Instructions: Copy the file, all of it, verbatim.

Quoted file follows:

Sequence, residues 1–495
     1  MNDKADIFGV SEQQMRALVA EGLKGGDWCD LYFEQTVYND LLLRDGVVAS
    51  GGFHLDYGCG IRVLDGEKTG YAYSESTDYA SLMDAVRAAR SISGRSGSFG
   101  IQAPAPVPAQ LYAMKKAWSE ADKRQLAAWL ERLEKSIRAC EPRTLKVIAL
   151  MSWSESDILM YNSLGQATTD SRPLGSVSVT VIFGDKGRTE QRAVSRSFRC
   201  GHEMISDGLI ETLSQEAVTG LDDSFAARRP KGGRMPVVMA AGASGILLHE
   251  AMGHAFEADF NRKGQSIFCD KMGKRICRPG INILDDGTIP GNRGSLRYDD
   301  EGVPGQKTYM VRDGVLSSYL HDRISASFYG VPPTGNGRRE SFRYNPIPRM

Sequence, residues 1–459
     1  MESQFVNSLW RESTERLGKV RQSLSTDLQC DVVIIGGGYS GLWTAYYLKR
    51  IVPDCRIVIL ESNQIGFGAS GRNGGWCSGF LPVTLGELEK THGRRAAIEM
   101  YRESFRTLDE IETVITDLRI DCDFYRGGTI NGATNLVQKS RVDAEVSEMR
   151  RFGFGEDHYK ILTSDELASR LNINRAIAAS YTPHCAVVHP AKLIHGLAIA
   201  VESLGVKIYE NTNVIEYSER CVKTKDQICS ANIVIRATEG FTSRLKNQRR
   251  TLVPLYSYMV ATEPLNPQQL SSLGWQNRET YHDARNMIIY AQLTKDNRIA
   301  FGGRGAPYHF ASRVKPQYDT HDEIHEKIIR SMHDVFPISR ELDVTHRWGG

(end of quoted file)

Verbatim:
Sequence, residues 1–495
     1  MNDKADIFGV SEQQMRALVA EGLKGGDWCD LYFEQTVYND LLLRDGVVAS
    51  GGFHLDYGCG IRVLDGEKTG YAYSESTDYA SLMDAVRAAR SISGRSGSFG
   101  IQAPAPVPAQ LYAMKKAWSE ADKRQLAAWL ERLEKSIRAC EPRTLKVIAL
   151  MSWSESDILM YNSLGQATTD SRPLGSVSVT VIFGDKGRTE QRAVSRSFRC
   201  GHEMISDGLI ETLSQEAVTG LDDSFAARRP KGGRMPVVMA AGASGILLHE
   251  AMGHAFEADF NRKGQSIFCD KMGKRICRPG INILDDGTIP GNRGSLRYDD
   301  EGVPGQKTYM VRDGVLSSYL HDRISASFYG VPPTGNGRRE SFRYNPIPRM

Sequence, residues 1–459
     1  MESQFVNSLW RESTERLGKV RQSLSTDLQC DVVIIGGGYS GLWTAYYLKR
    51  IVPDCRIVIL ESNQIGFGAS GRNGGWCSGF LPVTLGELEK THGRRAAIEM
   101  YRESFRTLDE IETVITDLRI DCDFYRGGTI NGATNLVQKS RVDAEVSEMR
   151  RFGFGEDHYK ILTSDELASR LNINRAIAAS YTPHCAVVHP AKLIHGLAIA
   201  VESLGVKIYE NTNVIEYSER CVKTKDQICS ANIVIRATEG FTSRLKNQRR
   251  TLVPLYSYMV ATEPLNPQQL SSLGWQNRET YHDARNMIIY AQLTKDNRIA
   301  FGGRGAPYHF ASRVKPQYDT HDEIHEKIIR SMHDVFPISR ELDVTHRWGG